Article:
How JustAnswer Works:
  • Ask an Expert
    Experts are full of valuable knowledge and are ready to help with any question. Credentials confirmed by a Fortune 500 verification firm.
  • Get a Professional Answer
    Via email, text message, or notification as you wait on our site.
    Ask follow up questions if you need to.
  • 100% Satisfaction Guarantee
    Rate the answer you receive.
Ask TherapistMarryAnn Your Own Question
TherapistMarryAnn, Therapist
Category: Mental Health
Satisfied Customers: 5808
Experience:  Over 20 years experience specializing in anxiety, depression, drug and alcohol, and relationship issues.
Type Your Mental Health Question Here...
TherapistMarryAnn is online now
A new question is answered every 9 seconds

My father is showing physical/emotional signs of mental breakdown.

Resolved Question:

My father is showing physical/emotional signs of mental breakdown. He has experienced one in past year. He just had knee replacement at age 80 in Aug. 2011. 2 months . He became very depressed / isolating himself / anxiety increased. Family doctor increased his Paxil from 20mg to 30mg QD. SOme improvement for month then started into same symtpoms and was placed on Buspar 10mg BID. Took Buspar for about 4 weeks with little improvement. In Jan. 2012 seen family doctor again and he increased Buspar 10mg q6hr. Depression/anxiety improved for 6 weeks. Now my father has lapsed back into depression, crying outburst, isolating himself, mood swings with anger, taking sleeping pill to get to sleep but awakens cant get back to sleep, consistently saying "I'm sorry" I dont know whats wrong with me. Do we go back to family MD or see a psychologist?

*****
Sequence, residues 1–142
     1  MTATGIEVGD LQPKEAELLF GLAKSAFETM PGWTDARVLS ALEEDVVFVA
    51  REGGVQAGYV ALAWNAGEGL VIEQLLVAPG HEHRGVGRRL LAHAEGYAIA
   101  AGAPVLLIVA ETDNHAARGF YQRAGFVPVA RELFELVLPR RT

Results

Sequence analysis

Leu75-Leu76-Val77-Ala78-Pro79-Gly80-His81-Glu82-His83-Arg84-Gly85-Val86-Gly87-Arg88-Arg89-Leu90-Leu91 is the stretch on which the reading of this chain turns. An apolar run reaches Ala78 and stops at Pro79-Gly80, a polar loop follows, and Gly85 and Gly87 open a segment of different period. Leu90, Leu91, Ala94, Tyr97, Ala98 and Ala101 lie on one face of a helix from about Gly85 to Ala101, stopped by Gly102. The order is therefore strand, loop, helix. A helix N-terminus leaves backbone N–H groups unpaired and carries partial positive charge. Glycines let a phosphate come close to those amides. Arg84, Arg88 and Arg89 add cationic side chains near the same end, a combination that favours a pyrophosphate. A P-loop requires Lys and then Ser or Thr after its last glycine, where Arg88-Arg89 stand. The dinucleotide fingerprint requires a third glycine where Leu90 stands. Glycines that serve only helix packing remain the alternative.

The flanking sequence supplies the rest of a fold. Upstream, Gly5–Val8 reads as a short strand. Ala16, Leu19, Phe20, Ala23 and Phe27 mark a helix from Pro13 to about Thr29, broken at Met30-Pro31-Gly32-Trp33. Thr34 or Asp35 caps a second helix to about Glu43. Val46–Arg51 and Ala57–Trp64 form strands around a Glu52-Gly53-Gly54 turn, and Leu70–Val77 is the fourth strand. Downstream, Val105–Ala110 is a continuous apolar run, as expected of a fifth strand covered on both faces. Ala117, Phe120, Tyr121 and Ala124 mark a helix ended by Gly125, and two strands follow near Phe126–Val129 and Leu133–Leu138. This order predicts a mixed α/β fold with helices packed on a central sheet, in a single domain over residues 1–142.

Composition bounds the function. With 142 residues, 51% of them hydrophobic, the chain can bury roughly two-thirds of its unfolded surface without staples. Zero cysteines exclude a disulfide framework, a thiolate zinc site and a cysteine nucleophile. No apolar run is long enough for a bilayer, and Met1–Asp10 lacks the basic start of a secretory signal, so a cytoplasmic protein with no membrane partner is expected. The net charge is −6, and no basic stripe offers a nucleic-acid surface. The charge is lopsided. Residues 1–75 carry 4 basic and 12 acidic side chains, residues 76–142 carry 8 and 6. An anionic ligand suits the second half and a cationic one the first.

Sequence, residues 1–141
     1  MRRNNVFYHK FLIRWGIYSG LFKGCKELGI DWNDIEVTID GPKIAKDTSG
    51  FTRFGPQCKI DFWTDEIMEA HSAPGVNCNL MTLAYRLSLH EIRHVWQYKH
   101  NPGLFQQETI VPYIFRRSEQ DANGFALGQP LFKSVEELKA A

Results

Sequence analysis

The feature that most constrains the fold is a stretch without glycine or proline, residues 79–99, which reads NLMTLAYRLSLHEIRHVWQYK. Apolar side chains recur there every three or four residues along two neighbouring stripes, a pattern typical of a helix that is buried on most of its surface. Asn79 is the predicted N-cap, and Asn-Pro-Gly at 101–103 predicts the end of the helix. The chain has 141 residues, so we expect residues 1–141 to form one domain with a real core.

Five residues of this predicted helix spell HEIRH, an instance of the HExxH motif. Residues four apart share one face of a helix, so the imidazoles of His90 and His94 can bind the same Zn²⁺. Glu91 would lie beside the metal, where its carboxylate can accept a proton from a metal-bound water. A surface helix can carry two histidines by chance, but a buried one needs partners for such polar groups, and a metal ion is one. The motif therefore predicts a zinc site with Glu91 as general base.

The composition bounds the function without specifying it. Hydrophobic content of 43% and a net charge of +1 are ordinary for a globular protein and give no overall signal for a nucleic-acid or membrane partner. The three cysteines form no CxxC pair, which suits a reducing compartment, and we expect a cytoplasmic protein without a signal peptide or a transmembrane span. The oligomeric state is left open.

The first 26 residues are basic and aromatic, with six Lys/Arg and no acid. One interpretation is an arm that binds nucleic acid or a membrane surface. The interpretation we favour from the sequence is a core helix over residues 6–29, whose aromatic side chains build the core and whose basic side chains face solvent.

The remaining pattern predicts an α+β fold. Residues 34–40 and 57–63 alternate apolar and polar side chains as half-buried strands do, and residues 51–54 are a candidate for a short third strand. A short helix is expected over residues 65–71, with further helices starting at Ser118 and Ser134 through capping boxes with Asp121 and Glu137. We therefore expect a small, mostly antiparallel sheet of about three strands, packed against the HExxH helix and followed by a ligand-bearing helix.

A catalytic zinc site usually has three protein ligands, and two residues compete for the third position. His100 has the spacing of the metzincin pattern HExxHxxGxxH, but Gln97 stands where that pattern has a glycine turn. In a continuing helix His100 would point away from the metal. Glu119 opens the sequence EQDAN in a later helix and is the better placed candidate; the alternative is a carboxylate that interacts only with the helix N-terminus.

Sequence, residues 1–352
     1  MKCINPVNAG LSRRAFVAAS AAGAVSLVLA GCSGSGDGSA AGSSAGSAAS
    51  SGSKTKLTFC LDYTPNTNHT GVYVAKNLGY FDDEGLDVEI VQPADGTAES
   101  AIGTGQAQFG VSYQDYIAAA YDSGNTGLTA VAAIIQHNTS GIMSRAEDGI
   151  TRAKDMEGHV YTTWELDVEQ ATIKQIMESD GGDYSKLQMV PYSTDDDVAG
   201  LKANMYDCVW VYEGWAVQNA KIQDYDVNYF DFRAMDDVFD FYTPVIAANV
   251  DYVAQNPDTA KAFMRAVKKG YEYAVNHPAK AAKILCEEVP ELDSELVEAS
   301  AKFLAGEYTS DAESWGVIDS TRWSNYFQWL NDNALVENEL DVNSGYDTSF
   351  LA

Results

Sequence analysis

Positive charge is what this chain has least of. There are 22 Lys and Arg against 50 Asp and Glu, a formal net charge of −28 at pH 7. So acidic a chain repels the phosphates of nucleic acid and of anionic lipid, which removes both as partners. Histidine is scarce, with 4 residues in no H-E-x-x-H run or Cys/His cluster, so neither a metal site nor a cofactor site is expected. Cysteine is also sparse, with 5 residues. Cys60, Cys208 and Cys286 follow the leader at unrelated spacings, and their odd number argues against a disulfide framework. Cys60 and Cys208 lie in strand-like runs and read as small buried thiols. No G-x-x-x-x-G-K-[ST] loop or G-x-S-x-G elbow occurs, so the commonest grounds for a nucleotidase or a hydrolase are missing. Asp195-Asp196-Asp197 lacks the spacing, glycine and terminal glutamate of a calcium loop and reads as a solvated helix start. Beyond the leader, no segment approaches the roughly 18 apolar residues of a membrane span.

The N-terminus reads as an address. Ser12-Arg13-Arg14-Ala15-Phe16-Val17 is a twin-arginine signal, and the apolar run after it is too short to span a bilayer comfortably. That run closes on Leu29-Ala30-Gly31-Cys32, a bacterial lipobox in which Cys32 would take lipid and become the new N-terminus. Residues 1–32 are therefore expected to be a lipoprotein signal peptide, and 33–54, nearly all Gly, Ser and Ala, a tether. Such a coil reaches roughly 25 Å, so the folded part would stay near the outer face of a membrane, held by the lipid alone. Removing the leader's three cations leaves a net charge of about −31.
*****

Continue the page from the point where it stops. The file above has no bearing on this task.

Submitted: 5 years ago.
Category: Mental Health
Expert:  TherapistMarryAnn replied 5 years ago.

Hello, I'd like to help you with your question.


It sounds like your father could use an evaluation by a therapist. While medication is great for helping cope with symptoms, it cannot address the reasons why your father is feeling this way. Medications also vary in their effectiveness as well. Each person has their own body chemistry and what works for one may not work for another. Also, once you take medication for a while, your body becomes accustomed to it and you either need an increase in dosage or you need to try a new medication. That is why addressing the underlying issue is important. It can eliminate the problem so medications can either be reduced or are not needed at all.


In order to find a therapist, your father can ask his doctor for a referral. Or he can search on line at


From the symptoms you described, it sounds like your father is depressed. It could be that the surgery triggered it or another event or issue did. Surgery is very difficult to recover from and given your father's age, he may be even more susceptible. Here are some links that can help:


It may also benefit your father (and your family) to have a good support system. You may want to try contacting your local Area Agency on Aging. They may be able to provide companions, Meals on Wheels and evaluations by nurses to assist your father. Depending on their scope of services, they may also be able to provide ACCESS rides and family caregiver support. You can call your local city/county government offices or the United Way for phone numbers and information.


I hope this has helped you,


TherapistMarryAnn and other Mental Health Specialists are ready to help you

Related Mental Health Questions